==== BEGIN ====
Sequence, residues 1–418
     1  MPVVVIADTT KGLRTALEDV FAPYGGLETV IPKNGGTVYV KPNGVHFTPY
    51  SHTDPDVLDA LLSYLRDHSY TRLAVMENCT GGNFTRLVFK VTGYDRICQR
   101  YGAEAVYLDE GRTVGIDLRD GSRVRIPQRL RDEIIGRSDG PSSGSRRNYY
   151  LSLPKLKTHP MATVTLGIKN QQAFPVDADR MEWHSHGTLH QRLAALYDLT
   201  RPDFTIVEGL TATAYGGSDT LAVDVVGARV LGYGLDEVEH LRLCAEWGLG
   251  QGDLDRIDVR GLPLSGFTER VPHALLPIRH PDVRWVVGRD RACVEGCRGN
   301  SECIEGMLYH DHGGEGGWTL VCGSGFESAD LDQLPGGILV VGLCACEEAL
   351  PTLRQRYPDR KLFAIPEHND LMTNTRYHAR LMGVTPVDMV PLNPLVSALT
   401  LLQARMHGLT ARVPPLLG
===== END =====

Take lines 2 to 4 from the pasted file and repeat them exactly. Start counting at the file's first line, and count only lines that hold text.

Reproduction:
     1  MPVVVIADTT KGLRTALEDV FAPYGGLETV IPKNGGTVYV KPNGVHFTPY
    51  SHTDPDVLDA LLSYLRDHSY TRLAVMENCT GGNFTRLVFK VTGYDRICQR
   101  YGAEAVYLDE GRTVGIDLRD GSRVRIPQRL RDEIIGRSDG PSSGSRRNYY